With the beginning of a new year, businesses are planning their 2016 digital signage campaigns. According to a MarketsandMarkets industry report, the digital signage marketplace will reach $23bn by 2020, with new technologies pushing improvements in both functions and efficiencies. With this in mind we look at the digital signage trends, further advancements 2016 expects to bring, and how savvy businesses can maximise their digital signage campaigns by understanding and deploying them.
Pay at screen
Digital signage has advanced from passive, to active, to interactive. The natural conclusion for outdoor digital signage then is to provide the transactional process alongside the marketing message. Contactless technology firm Think&Go develops what it calls the ‘world’s first multi payment connected screens’, which turns digital signage into point of sale terminals using NFC and BLE tech. Users interact with the display and, for example, could use Apple Pay and other contactless payments options to buy products directly from the screen. One of the most interesting and impressive examples comes via Franch Bank BNP Paribas, which sponsors the French Open. At the event, the multi-payment screens enabled spectators to donate to a range of charities by waving their NFC payment mechanism over the logo of their chosen support, donating a sum in less than a second.
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4K and Ultra HD
In 2016 we expect to see 4K and Ultra HD become the de facto standard for digital signage and it’s important to recognise why it’s such an advancement. 4K and Ultra HD deploy 8 million pixels, resulting in the impressive detailing and clarity, which is why it’s perfect for digital advertising where image integrity is hugely important. 4K and Ultra HD’s higher pixel density means larger displays with a closer viewing distance for the audience. It also provides for an increased colour saturation and contrast, meaning it displays more realistic and immersive images and video. However, it’s useful to note that this isn’t the same 4K that is used in cinemas (which operates at 4096 x 2160 pixels); it’s in fact a rough quadrupling of standard 1080p HD we’re all used to.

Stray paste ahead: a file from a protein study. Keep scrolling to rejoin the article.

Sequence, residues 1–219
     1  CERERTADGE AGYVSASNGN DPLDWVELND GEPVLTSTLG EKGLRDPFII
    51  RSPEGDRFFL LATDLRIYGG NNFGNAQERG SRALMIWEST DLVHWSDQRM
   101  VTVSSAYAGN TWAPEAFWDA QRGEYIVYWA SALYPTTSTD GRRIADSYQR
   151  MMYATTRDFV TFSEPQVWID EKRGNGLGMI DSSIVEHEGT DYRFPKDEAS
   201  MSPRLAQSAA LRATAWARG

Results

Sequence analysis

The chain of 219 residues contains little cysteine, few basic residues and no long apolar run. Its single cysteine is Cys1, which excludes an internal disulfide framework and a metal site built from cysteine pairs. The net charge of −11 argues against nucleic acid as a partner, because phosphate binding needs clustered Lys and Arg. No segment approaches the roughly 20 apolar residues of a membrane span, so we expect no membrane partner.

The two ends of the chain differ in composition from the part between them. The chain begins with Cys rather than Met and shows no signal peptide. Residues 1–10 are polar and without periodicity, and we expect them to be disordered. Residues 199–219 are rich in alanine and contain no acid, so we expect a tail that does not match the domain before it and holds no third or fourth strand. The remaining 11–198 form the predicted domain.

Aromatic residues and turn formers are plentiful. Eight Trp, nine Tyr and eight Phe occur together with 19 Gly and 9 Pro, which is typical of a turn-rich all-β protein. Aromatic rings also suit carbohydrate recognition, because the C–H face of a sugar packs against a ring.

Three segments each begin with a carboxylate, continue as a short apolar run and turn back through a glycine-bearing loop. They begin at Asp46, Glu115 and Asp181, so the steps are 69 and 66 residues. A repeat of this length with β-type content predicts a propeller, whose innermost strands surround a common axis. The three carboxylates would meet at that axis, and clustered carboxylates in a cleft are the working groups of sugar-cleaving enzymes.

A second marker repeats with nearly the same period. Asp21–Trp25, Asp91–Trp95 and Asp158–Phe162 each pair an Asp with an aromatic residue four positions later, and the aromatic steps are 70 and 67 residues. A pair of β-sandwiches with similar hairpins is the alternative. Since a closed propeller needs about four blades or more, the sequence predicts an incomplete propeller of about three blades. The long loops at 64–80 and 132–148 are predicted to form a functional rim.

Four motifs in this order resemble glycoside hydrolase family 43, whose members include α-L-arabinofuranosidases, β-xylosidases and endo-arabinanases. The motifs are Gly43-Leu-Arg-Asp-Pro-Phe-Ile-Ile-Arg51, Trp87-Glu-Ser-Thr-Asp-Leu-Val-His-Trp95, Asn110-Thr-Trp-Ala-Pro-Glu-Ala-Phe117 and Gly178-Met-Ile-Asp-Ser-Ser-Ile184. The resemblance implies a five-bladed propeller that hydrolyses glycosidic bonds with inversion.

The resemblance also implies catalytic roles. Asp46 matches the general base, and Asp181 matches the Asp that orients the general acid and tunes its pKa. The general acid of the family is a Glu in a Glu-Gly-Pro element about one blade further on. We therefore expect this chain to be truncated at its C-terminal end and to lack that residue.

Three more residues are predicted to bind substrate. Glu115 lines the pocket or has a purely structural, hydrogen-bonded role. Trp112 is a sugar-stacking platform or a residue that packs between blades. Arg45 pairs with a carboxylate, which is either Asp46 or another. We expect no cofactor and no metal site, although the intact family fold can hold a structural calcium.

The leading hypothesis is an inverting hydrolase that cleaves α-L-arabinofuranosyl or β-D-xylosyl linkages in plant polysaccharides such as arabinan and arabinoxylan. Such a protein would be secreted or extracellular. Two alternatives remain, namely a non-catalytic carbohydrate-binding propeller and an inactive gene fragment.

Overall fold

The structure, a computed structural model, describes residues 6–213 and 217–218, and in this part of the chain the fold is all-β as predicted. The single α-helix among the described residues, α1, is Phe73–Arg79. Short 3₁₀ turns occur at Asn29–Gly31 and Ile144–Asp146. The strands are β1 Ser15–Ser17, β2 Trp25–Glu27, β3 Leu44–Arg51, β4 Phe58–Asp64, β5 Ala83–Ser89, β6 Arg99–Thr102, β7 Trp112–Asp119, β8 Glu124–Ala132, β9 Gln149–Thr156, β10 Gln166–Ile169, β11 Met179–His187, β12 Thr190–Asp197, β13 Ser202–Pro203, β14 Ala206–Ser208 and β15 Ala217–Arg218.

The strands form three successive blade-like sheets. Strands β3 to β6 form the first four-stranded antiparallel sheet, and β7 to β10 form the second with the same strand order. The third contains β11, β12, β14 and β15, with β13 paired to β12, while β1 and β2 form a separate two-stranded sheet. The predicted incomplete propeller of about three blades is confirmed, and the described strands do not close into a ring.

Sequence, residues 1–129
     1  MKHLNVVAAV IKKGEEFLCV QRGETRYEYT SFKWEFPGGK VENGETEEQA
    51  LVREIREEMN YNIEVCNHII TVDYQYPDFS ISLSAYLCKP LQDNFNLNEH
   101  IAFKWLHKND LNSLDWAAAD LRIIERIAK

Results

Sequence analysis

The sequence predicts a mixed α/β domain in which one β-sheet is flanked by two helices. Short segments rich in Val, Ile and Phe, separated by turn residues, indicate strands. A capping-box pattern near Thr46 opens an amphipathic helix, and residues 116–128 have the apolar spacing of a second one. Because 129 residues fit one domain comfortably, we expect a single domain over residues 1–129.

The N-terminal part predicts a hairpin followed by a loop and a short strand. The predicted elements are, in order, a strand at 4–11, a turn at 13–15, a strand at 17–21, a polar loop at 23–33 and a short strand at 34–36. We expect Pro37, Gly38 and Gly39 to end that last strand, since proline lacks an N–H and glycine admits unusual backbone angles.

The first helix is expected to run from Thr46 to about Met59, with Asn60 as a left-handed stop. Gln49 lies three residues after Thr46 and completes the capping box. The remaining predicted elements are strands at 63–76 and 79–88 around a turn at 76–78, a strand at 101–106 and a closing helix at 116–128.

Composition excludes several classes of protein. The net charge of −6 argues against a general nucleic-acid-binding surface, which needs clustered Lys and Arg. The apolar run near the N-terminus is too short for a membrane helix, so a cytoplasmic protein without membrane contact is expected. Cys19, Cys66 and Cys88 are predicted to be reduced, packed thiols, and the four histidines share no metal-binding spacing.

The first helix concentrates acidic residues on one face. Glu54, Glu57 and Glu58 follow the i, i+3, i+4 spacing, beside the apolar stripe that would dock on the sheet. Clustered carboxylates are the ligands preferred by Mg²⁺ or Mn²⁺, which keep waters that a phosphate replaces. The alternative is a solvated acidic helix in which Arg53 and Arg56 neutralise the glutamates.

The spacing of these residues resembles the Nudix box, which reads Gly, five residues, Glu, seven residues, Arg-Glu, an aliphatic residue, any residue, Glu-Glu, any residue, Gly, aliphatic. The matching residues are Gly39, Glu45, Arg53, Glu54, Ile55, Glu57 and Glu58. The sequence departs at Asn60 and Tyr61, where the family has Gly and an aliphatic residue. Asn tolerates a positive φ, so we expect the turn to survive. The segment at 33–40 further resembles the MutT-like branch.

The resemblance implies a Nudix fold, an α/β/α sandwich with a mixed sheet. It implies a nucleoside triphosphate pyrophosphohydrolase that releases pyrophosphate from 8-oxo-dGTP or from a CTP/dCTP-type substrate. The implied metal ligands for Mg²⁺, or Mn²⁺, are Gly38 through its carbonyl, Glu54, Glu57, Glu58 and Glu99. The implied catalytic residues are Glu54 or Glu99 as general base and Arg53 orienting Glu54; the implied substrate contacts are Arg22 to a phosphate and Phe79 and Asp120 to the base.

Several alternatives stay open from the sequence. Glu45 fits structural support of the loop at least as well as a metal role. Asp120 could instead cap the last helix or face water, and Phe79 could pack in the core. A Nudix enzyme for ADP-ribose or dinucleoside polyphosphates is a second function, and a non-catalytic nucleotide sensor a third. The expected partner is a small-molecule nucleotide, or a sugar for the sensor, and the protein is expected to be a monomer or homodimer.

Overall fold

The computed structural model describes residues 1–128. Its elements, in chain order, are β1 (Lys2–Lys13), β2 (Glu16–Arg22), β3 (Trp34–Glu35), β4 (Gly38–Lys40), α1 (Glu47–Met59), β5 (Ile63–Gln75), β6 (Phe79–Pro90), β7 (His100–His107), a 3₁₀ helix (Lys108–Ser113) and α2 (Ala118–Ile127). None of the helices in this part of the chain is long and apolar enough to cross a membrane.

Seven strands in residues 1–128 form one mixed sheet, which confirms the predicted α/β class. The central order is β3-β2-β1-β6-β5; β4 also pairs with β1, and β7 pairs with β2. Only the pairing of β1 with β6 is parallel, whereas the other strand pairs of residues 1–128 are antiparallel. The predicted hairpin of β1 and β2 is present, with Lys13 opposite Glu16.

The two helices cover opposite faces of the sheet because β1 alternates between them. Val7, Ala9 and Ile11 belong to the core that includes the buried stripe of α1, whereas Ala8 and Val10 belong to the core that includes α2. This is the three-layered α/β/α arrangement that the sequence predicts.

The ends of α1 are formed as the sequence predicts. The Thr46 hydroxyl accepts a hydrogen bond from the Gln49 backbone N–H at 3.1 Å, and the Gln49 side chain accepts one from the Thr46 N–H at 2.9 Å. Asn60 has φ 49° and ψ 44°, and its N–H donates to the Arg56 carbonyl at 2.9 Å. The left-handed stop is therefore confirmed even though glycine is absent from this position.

As the cost of BTL and NFC technologies tumbles, and the shear number of devices supporting them expands exponentially, businesses should be looking to use these technologies to make digital signage messaging more personalised and specific to a particular audience segment. Beacons push information directly to users’ screens once they fall within range, and so can be defined geographically (think of separate departments within a large store) or by timeliness (coffee offers in the morning; lunch offers around midday). Way-finding systems in particular can benefit from beacon technology, helping guide users, for example, through a hospital to a specific department, and schools and universities can set reminders and push information of class times and other data directly to students’ phones as they pass the department. Beacons are cheap and flexible, but more importantly they can also offer audience insights, as well, by registering and recording location, audience numbers, numbers of interactions, and demographics of its users.
Banking and stock figure trading has always been a staple of digital signage – think of the classic digital boards in Times Square and Piccadilly Circus reeling off reams of stock market data. This type of data is now being deployed more richly than just in simple figures, and its the data itself that is becoming the marketing message. For example, when information on the financial markets appears on the boards of Morgan Stanley’s Times Square HQ, the visual turns to a liquid gold to represent money, while graphs and stock charts fade in and out. These new forms of data visualisation bring a wow-factor like no other. The data itself is useful and important – but the way in which it presented to its audience is just as impressive and immersive.
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